Arctic’s big carbon sink could shift to a source

Scientists have known for some time now that the land and seas in the Arctic act as a sink for atmospheric carbon. In a new review paper in the journal Ecological Monographs, ecologists now have a sense of just how much carbon the Arctic has historically handled – up to a whopping 25 percent of the world’s carbon flux.

David McGuire of the University of Alaska Fairbanks and the USGS is the lead author on the paper, which reviews 265 published papers related to the Arctic and global carbon cycling. Since the end of the last Ice Age, the Arctic has oscillated between being carbon-neutral, or neither sequestering nor emitting carbon, to trapping up to 800 million metric tons of carbon from the atmosphere and the surrounding ecosystems.

This figure shows (a) the extent of permafrost in 2000, (b) the estimate extent of permafrost in 2100 and (c) b overlaid on a.
This figure shows (a) the extent of permafrost in 2000, (b) the estimate extent of permafrost in 2100 and (c) b overlaid on a.

The authors note that recent warming trends have led to a steady decrease in the extent of permafrost, or the frozen underground earth beneath the active soil. Unlike active soils, permafrost does not decompose its carbon; thus, the carbon becomes trapped in the frozen soil. Cold conditions at the surface also slow the rate of organic matter decomposition, allowing Arctic carbon accumulation to exceed its release.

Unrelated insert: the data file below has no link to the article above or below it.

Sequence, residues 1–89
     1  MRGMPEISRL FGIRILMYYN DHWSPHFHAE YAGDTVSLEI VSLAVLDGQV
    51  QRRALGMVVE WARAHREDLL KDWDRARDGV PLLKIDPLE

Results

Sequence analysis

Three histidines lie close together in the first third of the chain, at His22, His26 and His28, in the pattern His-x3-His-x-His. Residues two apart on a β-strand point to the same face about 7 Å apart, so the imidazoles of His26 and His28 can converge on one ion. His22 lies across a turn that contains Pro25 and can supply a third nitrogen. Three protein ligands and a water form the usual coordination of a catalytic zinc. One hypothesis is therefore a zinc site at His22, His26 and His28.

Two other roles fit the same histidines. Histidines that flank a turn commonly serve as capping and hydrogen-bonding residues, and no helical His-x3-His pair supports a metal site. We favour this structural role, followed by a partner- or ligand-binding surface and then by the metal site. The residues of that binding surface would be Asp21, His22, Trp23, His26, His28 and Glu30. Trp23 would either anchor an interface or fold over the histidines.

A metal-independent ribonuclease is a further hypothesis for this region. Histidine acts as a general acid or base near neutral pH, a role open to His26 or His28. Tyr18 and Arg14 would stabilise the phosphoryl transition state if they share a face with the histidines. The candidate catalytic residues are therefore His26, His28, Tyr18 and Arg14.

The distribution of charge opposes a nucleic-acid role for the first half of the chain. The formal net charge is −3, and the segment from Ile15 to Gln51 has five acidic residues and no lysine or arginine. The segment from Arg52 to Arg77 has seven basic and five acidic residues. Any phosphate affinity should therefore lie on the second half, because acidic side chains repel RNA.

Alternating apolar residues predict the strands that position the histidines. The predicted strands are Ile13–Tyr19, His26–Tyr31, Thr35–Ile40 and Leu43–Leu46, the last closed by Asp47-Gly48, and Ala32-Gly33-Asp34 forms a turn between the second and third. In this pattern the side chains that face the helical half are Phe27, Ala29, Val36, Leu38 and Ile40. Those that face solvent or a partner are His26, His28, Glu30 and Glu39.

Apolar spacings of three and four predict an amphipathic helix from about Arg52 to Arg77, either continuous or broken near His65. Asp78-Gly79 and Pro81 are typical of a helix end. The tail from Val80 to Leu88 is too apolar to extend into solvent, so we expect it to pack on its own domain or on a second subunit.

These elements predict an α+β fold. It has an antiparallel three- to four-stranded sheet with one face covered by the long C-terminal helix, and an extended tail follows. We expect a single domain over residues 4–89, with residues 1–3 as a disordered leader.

The decrease in permafrost thus could tip the current balance toward the Arctic releasing instead of storing carbon. Warmer temperatures will create more active soils, accelerating decomposition and exposing layers formerly frozen in permafrost to decomposition and erosion.

And all this doesn’t even touch on the methane problem. As the Arctic thaws, the lands become more waterlogged, encouraging anaerobic metabolism, which releases methane to the air. This is particularly concerning because methane can be up to 23 times more effective as a greenhouse gas than carbon dioxide.

At this point, the carbon fate of the Arctic is far from certain, say the authors. Global warming may produce longer growing seasons and promote plant photosynthesis, removing carbon dioxide from the atmosphere. But on the other hand, increasingly dry conditions in the long term might counteract and even overcome this effect through decreased photosynthesis and increased fire prevalence.  Says McGuire:

If the response of the arctic carbon cycle to climate change results in substantial net releases of greenhouse gases, this could compromise mitigation efforts that we have in mind for controlling the carbon cycle.

Note also that this is the first review paper published by Ecological Monographs, a trend which will continue in future issues.

Read more in the ESA press release.

Author: Christine Buckley

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